if your username was "archie", and the font size of Monte Carlo you wished to create was size 6. Delete other font lines you see other than this one, unless you wish to supplement your font with the glyphs from another font, in which case, add lines like the one above for your other TTF fonts.

Then, rebuild and reinstall the package with your customized settings.

After installing fbpad-mkfn, the following command creates a tinyfont file:

$ fbpad-mkfn > MyFont.tf

Remember to edit your config.h to point to the directory where you save your MyFont.tf. If your font also has a bold face, repeat the process of editing the fbpad-mkfn config.h file, this time specifying the location of the boldface TTF file in the ft2tf config.h, rebuilding with makepkg, and adding the final boldface tinyfont location to your fbpad config.h.

Also note that some fonts might require modification of the WIDTHDIFF and HEIGHTDIFF to have the proper width and height, respectively.

Color Support

By default, the AUR package installs the custom terminfo for fbpad, but you will need to add

export TERM=fbpad-256

to your shellrc to take advantage of the 256 color support. Clearly, commands not spawned in your default shell (for instance, those for EDITOR and MAIL) will not read your shellrc file, so you will need to edit their definitions in your config.h file to have the commands for EDITOR and MAIL run in a parent shell. For instance, the author of this article, who uses zsh, changed the default command for MAIL from:

#define MAIL		"mailx"


#define MAIL		"zsh -i -c mailx"

Additionally, to have colors with the ls command, "fbpad-256" needs to be added to the list of terms that ls knows can handle color. Per the README, run the following command in your shell:

$ dircolors --print-database | sed '/^TERM linux$/aTERM fbpad-256' >$HOME/.dircolors

and add eval `dircolors ~/.dircolors` to your shellrc file so that the custom dircolors file, with the fbpad-256 term added, may be loaded.


The following are examples of how some general desktop needs may be implemented in fbpad.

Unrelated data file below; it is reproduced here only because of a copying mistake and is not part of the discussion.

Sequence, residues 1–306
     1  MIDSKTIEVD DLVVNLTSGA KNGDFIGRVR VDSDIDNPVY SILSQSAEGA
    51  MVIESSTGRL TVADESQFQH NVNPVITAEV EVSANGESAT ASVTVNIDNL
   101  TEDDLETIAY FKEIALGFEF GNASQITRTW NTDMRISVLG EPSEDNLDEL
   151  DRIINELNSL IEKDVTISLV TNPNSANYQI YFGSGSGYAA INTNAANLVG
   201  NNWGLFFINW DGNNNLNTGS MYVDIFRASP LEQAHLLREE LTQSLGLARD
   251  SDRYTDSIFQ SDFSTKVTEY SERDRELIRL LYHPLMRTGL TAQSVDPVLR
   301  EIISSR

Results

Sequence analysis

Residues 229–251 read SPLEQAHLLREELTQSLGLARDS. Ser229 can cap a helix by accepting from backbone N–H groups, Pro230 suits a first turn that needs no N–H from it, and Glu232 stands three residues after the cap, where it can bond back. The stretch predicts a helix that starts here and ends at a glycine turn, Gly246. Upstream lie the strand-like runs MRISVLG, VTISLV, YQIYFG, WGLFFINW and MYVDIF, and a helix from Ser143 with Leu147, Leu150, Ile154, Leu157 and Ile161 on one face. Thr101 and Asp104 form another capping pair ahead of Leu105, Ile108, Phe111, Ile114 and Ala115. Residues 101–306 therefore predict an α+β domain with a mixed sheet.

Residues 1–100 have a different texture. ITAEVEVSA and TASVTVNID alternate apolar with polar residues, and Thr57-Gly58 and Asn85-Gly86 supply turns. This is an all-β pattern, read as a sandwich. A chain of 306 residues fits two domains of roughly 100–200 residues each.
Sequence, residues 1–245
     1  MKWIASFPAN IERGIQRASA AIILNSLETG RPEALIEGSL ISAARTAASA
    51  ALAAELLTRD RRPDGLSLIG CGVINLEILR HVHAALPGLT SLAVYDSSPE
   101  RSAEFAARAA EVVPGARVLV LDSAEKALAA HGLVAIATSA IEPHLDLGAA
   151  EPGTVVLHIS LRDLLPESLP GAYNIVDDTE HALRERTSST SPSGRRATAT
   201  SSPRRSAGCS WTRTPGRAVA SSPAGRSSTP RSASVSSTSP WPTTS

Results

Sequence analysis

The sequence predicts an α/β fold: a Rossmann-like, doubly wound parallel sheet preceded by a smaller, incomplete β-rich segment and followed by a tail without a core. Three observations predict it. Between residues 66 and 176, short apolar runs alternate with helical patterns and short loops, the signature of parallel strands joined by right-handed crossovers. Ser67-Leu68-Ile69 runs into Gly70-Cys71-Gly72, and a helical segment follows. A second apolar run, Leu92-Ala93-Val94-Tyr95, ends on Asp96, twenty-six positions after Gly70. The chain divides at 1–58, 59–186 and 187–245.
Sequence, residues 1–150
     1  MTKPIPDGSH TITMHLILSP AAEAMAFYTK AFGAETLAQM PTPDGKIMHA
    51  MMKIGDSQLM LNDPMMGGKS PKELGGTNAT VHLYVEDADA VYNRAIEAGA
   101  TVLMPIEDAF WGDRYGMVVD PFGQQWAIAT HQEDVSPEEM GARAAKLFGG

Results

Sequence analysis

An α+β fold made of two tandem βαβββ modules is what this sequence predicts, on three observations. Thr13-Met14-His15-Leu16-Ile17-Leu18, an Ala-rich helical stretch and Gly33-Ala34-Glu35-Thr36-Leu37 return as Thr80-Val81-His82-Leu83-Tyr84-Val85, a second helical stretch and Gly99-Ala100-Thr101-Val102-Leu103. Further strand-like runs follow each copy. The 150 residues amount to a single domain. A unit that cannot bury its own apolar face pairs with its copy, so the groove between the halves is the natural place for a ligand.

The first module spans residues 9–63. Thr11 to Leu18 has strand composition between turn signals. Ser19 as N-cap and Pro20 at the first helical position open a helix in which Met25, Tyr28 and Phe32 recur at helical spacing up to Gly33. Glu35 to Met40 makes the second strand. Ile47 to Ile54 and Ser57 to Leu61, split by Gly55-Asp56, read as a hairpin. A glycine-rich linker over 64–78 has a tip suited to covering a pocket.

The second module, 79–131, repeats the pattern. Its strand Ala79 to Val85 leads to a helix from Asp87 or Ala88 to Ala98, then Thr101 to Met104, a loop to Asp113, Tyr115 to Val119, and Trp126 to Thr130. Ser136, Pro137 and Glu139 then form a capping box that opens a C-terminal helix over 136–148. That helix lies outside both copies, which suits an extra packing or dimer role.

Copying Text

As everything is done mouselessly in fbpad, to copy text, users can make a "screenshot" of all the text on the screen with the Alt+s command. This will save all viewable text to the file /tmp/scr. Then, if your shell supports editing the commandline with vim (for instance, the edit-command-line ZLE function in zsh), you can open the /tmp/scr file as a new buffer in vim and use its copy keybindings to paste the needed text into your original buffer. Emacs users probably can adopt a similar scheme to copy text.

Watching YouTube

If one is using MPlayer with the video output driver set to fbdev2, youtube-viewerAUR can be used for searching YouTube and watching with MPlayer from the commandline in fbpad. Alternatively, one can add the following script as an external browser in the commandline web browser w3m, and launch playback of videos from YouTube websites with one's media player of choice. The script below employs fbff-gitAUR, a lightweight media player also written by the author of fbpad, and yturlAUR, a simple program, that, rather UNIX-like, functions solely to convert YouTube URLs into directly watchable URLs.

video=$(yturl $1)
fbff -f $video > /dev/null 2>&1

Save the file in your PATH, and add it as an external browser to w3m by opening w3m, hitting the o key to edit options, and edit the "External Browser" field under "External Program Settings" by entering in the field "youtube.sh". Hit "OK", and you are done. Now, when wishing to watch a video, with YouTube open, hit the M key, and the video will begin streaming instantly in fbff.

Recommended Programs

Here are a few recommendations for programs that enhance the usability of a framebuffer-based desktop:

  • dvtm - a dynamic virtual terminal manager (think dwm, but for the console)
  • fbcatAUR - a framebuffer screenshot grabber
  • fbff-gitAUR - an ffmpeg-based media player
  • fbpdf-gitAUR - a MuPDF-based PDF viewer, optionally supports DjVu or rendering via poppler
  • fbvAUR - an image viewer
  • GNU Screen - a terminal multiplexer
  • w3m - a commandline web browser